Thinks 1053

Business Standard: “Nano-level 3D printing can have applications in medical science. A doctor can bioengineer a scaffolding to grow tissue cells for regenerating organs. These technological advances have a huge impact for sectors like biotechnology and material science. As companies look to create new materials that are versatile and ecofriendly, the printing will accelerate experiments to prototype cycle. Miniaturisation is another trend driving nano-level 3D printing. “The demand for smaller and more intricate components in electronics, medical devices, and other sectors drives the need for nanoscale 3D printing,” said a report by Persistence Market Research. “Nanoscale 3D printing, also known as additive nano manufacturing, is a revolutionary technology that allows the creation of three-dimensional objects with incredible precision at the nanoscale level. This groundbreaking technology has a wide range of applications across industries, including electronics, healthcare, aerospace, and materials science. The healthcare and electronics sectors are expected to be the largest and fastest-growing end-user markets for nanoscale 3D printing,” it said.”

Econlib: “The “information” you get by “asking people is often contradicted by the information you would get by observing what people actually choose – and as the old saw goes, actions speak louder than words. A deeper problem is that the information isn’t clearly available in pre-existing form even in our own heads, not even to ourselves. As James Buchanan put it in his book The Logical Foundations of Constitutional Liberty, “Individuals do not act so as to maximize utilities, described in independently-existing functions. They confront genuine choices, and the sequence of decisions taken may be conceptualized, ex post, (after the choices), in terms of ‘as if’ functions that are maximized. But those ‘as if’ functions are, themselves, generated in the choosing process, not separately from such process.” As a consequence, Buchanan goes on to explain, “The potential participants do not know until they enter the process what their own choices will be.””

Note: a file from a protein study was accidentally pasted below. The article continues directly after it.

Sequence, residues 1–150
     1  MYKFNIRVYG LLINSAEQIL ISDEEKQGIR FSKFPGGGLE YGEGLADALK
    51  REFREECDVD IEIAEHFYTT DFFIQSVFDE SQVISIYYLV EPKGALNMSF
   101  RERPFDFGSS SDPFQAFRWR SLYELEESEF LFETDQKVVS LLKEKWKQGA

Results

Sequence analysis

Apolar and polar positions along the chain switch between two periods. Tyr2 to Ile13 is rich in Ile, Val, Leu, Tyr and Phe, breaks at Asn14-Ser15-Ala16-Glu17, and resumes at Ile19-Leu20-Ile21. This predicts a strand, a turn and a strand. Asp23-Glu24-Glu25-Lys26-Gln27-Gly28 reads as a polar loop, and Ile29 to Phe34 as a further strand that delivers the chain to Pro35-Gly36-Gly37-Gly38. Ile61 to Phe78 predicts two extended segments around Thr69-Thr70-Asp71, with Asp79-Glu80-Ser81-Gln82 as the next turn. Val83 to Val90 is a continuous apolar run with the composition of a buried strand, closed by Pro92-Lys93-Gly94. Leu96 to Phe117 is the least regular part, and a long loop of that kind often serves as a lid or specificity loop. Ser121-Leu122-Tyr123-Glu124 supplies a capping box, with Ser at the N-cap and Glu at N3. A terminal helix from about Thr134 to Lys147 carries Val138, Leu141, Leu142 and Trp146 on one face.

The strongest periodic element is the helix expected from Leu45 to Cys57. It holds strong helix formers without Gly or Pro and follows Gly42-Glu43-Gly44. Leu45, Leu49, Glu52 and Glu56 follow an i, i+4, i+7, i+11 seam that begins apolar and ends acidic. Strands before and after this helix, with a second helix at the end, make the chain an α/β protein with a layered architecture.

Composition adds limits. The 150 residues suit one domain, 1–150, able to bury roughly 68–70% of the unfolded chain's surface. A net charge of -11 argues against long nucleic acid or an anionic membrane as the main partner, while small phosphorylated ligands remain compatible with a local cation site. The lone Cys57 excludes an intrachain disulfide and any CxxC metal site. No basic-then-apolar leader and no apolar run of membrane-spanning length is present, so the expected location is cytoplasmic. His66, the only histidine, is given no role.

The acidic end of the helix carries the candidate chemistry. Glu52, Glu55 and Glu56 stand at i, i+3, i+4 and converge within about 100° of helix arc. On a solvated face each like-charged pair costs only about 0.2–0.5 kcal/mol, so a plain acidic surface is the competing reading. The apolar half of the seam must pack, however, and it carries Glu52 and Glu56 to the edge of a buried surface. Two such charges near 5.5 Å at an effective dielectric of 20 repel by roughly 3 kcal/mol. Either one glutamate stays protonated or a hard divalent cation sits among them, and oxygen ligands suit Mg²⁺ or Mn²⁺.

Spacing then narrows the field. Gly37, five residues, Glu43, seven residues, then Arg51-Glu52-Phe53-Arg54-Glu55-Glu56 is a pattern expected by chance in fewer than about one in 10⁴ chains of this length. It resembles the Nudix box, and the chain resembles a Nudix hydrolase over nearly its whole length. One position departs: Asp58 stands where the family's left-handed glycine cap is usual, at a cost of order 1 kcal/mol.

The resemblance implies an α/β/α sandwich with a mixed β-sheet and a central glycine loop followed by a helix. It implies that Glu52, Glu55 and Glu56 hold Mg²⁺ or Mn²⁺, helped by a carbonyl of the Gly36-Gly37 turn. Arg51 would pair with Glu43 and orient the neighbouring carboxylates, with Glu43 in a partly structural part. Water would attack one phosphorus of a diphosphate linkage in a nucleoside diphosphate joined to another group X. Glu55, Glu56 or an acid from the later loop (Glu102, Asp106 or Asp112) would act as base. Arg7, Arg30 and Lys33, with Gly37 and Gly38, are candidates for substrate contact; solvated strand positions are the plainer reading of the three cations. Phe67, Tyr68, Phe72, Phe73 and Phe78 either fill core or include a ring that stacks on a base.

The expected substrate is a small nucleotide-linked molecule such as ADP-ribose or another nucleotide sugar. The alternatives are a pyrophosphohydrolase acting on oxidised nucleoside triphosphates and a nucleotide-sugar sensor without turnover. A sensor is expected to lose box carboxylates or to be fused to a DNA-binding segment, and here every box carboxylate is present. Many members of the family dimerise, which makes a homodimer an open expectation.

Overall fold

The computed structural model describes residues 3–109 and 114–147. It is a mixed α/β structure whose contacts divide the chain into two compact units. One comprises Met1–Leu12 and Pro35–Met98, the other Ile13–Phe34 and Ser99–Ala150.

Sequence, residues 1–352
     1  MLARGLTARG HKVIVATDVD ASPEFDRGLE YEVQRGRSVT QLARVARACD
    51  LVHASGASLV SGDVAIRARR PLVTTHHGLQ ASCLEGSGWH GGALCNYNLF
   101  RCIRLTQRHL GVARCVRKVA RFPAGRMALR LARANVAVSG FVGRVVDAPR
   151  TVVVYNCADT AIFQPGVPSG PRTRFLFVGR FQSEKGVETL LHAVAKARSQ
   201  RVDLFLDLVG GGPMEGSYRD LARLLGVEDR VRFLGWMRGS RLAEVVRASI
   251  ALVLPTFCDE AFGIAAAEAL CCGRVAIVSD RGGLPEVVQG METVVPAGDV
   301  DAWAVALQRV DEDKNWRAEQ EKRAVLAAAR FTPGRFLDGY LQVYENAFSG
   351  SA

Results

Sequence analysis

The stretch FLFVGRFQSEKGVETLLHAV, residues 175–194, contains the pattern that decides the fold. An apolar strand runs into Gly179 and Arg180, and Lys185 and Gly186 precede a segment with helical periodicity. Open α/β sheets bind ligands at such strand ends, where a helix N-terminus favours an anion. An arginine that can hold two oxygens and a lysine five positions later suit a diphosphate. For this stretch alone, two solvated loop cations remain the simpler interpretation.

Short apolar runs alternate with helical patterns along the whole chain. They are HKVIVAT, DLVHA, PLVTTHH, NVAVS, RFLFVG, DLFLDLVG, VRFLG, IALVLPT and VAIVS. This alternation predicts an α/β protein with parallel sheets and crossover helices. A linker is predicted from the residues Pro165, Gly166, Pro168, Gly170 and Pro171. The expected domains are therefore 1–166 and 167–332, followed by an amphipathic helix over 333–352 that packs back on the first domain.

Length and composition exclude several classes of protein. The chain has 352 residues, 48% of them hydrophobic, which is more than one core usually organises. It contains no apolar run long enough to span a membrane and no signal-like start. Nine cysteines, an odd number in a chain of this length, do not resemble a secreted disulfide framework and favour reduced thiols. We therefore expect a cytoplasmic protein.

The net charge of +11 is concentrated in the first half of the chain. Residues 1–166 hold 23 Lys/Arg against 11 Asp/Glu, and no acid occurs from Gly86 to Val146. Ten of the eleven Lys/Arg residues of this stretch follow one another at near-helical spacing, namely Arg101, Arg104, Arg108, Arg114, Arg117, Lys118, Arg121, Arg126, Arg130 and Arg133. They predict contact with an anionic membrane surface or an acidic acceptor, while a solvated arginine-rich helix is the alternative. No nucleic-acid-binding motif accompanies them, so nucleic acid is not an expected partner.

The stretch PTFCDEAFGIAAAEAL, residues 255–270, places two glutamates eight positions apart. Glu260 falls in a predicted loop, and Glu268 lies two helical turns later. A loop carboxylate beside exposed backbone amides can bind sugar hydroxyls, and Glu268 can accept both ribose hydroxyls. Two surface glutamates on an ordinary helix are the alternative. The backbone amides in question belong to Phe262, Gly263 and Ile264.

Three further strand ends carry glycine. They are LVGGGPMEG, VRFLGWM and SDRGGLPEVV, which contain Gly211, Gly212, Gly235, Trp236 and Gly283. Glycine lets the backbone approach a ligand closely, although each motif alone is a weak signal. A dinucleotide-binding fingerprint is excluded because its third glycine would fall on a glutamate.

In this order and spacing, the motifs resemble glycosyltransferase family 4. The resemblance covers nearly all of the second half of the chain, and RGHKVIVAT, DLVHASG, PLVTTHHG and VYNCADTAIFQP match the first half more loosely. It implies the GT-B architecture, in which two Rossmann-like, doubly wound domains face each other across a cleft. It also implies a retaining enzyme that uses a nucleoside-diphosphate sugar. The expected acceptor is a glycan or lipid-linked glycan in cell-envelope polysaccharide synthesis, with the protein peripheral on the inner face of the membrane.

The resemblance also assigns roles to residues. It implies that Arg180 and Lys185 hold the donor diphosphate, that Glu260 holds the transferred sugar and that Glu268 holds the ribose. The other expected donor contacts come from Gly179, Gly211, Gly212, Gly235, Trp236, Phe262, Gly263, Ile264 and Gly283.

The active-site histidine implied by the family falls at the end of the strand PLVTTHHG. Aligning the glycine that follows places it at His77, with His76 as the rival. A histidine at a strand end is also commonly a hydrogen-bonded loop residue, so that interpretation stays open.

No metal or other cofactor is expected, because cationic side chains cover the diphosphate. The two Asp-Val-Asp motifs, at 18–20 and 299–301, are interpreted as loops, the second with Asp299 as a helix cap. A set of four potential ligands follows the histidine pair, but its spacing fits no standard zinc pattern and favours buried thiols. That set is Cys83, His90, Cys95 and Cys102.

WSJ: “Hundreds of companies have promised to produce large amounts of green hydrogen, but none have succeeded. Electric Hydrogen believes the secret to success is finding a better way to split a molecule. Investors believe it too. The company is the green hydrogen industry’s first unicorn…The molecule is water. Splitting it to create green hydrogen requires devices called electrolyzers. They are expensive and consume vast amounts of renewable electricity to make a small amount of hydrogen, making most projects uneconomical. Electric Hydrogen says its electrolyzer can produce much more hydrogen.”

NYTimes: “NASA is now plotting a return. This time around, the stay will be long-term. To make it happen, NASA is going to build houses on the moon — ones that can be used not just by astronauts but ordinary civilians as well. They believe that by 2040, Americans will have their first subdivision in space. Living on Mars isn’t far behind. Some in the scientific community say NASA’s timeline is overly ambitious, particularly before a proven success with a new lunar landing. But seven NASA scientists interviewed for this article all said that a 2040 goal for lunar structures is attainable if the agency can continue to hit their benchmarks. The U.S. space agency will blast a 3-D printer up to the moon and then build structures, layer by additive layer, out of a specialized lunar concrete created from the rock chips, mineral fragments and dust that sits on the top layer of the moon’s cratered surface and billows in poisonous clouds whenever disturbed — a moonshot of a plan made possible through new technology and partnerships with universities and private companies.”

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Rajesh Jain

An Entrepreneur based in Mumbai, India.